The Stigma Is Still There

 

Blogger and active Army Senior NCO CJ Grisham.

The following is a shared posting from active duty Army Senior NCO, CJ Grisham, a blogger of A Soldier’s Perspective, who can also be read and heard on You Served Military Blog and Podcast .  

It’s been over two years since General Chiarelli and the rest of the Army leadership released its plan to remove the stigma seeking mental health counseling for PTS and PTSD. One of the first things Secretary Gates did was remove the question from security clearance interviews about seeking mental health counseling. This went a long way to helping Soldiers come forward to talk about PTS issues, me especially. And, after two years of seeking counseling and two separate commands, I still maintain my clearance. But, we still have a long way to go in helping our troops, in my opinion.

While it’s easy to help troops that come forward and seek help, we still can’t seem to recognize those troops who are trying to bottle it up inside. Sure, we all get the briefings about what to look for, but I guess we simply aren’t looking.

Case in point, I know a Soldier currently whom I thought was an outstanding Soldier, a Specialist (E4). He loved his job, had pride in what he did, and was a good Soldier. He never got into trouble and appeared to be on track to making NCO.

Then, something happened.

That something was returning from combat and being told by his wife that she was seeing another man and couldn’t handle military life any longer. She demanded – and received – a divorce. This, of course, devastated the Soldier. He became reclusive and started being late to formation. Then he started missing formation completely. His standards dropped and he became testy with seniors. He was given corrective action in the form of extra training and non-judicial punishment (Article 15). He lost rank and money. Because of this, he started experimenting with drugs. He got caught and was punished again. He went AWOL and was put on suicide watch and punished again.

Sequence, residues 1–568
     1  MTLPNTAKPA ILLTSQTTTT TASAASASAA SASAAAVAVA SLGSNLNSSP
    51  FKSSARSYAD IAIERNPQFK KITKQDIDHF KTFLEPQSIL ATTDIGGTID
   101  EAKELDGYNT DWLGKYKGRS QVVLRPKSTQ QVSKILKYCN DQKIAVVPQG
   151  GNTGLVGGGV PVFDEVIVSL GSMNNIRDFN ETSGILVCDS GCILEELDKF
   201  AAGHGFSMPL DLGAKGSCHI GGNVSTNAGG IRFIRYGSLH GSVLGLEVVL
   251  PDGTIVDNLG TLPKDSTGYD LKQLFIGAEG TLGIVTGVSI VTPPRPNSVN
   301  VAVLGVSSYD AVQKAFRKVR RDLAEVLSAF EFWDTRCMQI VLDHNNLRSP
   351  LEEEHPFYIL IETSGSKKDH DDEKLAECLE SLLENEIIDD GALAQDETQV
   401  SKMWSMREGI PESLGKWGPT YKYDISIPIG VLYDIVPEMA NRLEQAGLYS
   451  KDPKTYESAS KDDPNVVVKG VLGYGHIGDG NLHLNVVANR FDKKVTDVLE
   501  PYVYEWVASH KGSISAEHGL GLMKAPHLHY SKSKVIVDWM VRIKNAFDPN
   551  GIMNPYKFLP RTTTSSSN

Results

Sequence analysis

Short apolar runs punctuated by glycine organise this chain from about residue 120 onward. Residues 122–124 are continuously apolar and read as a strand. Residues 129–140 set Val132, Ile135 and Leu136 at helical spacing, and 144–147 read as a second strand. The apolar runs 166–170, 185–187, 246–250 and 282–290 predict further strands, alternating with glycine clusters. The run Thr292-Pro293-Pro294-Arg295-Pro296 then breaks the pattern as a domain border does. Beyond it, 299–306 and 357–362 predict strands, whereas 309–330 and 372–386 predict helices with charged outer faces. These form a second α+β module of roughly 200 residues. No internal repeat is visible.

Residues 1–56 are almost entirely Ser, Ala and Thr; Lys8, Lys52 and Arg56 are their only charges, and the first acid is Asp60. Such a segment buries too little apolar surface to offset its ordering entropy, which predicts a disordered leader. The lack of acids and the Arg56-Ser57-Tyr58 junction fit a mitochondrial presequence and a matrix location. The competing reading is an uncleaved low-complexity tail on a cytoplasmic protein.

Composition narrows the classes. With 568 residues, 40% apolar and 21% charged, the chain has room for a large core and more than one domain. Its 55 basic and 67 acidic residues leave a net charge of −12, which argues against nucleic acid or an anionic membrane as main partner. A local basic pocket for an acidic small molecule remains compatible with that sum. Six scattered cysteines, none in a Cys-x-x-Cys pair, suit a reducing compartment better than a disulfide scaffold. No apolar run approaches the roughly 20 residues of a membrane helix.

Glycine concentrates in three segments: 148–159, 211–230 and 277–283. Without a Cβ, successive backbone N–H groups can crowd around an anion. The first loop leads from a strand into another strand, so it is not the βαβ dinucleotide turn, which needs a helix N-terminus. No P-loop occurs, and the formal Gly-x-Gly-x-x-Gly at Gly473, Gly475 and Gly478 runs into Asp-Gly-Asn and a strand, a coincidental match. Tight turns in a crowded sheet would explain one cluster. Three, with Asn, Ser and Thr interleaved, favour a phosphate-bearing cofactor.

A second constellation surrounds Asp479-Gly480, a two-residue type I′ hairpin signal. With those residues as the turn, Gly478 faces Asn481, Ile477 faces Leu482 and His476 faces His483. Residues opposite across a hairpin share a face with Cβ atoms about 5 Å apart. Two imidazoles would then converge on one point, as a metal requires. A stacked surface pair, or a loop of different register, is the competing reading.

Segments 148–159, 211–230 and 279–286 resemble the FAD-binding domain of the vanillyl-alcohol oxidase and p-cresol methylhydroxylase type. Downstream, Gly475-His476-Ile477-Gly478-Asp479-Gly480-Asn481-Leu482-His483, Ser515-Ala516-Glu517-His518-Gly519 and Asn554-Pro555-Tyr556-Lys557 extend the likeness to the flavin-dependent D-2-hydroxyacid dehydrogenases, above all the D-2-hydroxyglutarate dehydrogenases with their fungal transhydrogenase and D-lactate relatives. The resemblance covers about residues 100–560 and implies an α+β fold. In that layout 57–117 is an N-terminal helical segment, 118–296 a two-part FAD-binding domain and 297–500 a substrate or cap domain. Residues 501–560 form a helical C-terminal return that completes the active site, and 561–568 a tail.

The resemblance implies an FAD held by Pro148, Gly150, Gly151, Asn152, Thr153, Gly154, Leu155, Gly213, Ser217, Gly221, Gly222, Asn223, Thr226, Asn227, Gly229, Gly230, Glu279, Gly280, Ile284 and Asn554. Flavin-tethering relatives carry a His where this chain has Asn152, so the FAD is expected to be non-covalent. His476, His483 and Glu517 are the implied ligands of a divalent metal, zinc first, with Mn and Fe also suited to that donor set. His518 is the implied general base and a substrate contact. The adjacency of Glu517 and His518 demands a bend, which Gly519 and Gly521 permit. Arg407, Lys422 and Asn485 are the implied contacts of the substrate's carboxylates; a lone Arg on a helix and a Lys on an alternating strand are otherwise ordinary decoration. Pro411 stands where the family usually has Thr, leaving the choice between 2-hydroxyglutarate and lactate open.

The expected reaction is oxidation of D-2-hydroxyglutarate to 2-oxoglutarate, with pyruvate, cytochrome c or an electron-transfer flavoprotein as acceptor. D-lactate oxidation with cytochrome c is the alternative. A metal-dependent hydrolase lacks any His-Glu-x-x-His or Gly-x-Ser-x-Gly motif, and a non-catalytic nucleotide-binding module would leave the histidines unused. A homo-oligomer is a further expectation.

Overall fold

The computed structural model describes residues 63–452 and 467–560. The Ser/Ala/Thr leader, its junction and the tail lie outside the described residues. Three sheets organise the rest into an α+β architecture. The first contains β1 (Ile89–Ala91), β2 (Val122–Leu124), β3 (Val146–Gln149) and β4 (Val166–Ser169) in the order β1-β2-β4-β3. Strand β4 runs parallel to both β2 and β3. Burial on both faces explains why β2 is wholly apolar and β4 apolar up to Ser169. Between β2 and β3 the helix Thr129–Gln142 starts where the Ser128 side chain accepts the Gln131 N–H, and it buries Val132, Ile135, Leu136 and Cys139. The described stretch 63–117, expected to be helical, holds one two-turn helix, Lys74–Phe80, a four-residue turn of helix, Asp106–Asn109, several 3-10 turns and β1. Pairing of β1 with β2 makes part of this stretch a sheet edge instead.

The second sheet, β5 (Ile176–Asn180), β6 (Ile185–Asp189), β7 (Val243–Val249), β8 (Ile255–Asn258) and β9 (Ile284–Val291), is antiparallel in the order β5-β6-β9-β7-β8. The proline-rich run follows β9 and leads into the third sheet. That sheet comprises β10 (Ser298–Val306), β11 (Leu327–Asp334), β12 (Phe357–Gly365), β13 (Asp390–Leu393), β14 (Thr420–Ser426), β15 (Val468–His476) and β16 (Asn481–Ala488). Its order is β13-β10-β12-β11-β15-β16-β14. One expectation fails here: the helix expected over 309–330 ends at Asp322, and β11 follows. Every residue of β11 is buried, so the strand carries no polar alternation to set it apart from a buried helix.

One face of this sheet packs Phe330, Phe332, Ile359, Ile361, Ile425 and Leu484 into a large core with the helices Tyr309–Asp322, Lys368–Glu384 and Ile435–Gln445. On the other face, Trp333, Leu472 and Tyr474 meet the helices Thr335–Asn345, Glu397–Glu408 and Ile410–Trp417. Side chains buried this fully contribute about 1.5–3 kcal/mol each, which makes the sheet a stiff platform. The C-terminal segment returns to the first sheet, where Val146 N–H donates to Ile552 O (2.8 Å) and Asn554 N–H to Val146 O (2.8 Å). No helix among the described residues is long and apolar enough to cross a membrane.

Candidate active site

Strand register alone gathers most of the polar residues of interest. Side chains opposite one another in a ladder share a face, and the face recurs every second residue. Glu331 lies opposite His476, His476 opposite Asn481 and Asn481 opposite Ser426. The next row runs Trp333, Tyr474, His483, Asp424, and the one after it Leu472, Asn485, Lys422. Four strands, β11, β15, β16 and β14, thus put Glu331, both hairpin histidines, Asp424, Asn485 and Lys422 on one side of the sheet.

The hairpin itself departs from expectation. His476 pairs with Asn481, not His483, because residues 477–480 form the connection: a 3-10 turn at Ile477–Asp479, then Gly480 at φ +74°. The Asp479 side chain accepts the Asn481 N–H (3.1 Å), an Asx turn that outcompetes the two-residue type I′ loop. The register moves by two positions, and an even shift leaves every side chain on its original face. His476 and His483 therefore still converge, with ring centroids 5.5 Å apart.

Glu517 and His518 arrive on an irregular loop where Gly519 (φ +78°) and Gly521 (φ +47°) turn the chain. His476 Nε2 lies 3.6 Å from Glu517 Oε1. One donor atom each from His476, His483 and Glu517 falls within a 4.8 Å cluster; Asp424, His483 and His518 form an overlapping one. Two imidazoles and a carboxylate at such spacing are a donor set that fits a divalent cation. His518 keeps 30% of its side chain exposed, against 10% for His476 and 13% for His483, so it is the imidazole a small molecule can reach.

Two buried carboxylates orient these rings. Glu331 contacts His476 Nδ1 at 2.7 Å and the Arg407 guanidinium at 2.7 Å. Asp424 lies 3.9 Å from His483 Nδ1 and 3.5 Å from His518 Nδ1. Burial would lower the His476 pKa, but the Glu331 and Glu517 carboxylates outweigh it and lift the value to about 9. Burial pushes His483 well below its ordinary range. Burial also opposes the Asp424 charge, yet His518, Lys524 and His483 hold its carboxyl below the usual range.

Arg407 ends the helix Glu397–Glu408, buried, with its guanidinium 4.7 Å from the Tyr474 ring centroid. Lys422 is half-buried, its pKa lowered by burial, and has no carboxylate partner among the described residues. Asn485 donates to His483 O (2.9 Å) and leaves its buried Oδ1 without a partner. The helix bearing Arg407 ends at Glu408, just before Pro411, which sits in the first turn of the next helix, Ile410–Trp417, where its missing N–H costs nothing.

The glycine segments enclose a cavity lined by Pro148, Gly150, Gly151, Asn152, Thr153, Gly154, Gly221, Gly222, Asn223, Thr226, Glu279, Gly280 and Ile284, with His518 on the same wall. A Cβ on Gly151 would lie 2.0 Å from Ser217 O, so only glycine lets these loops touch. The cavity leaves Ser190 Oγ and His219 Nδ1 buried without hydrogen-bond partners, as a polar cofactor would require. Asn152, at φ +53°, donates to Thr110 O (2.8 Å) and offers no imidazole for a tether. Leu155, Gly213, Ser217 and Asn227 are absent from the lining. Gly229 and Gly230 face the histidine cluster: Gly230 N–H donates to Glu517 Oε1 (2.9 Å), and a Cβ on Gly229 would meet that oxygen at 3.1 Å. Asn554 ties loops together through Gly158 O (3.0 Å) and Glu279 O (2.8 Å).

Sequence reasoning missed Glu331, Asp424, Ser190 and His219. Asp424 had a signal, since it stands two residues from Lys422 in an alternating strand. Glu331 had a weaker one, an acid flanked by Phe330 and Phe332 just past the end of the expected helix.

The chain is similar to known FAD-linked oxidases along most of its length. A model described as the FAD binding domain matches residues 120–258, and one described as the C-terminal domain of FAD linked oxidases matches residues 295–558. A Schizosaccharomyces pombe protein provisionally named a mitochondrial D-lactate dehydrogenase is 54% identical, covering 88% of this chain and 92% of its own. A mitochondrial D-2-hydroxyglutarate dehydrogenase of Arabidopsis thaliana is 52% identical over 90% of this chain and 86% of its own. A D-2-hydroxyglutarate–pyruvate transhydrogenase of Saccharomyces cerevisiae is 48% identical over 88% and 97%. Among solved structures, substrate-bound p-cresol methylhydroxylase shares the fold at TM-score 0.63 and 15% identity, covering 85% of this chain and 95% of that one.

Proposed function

Yet, other than a friend recommending he seek treatment, no one in his leadership thought to stop and ask why such a stellar Soldier had become such a “dirtbag” and understand his situation. Granted, bad behavior can’t just be swept under the carpet, but if there is a reason behind the behavior shouldn’t we try to correct those issues CAUSING the behavior?

We leaders, NCOs and officers, need to take a step back every now and then and try to look at these situations objectively from the outside. When Soldiers feel like we don’t care and just compound the problem with needless punishments and misunderstandings about the true cause of events, we do a disservice to troops who are crying out for help. Our actions could very well push these Soldiers over the brink into a worse situation than that in which they started.

I’m not advocating babying troops and allowing them to get away with everything. There is a way to punish Soldiers for bad behavior while also providing the needed assistance to prevent it in the future. I asked the Soldier how many of his leaders have sat down with him as a concerned Soldier and leader and tried to find out about his personal life. The answer: none.

THAT is why the stigam is still there.

Here is an archive of CJ Grisham’s other articles.

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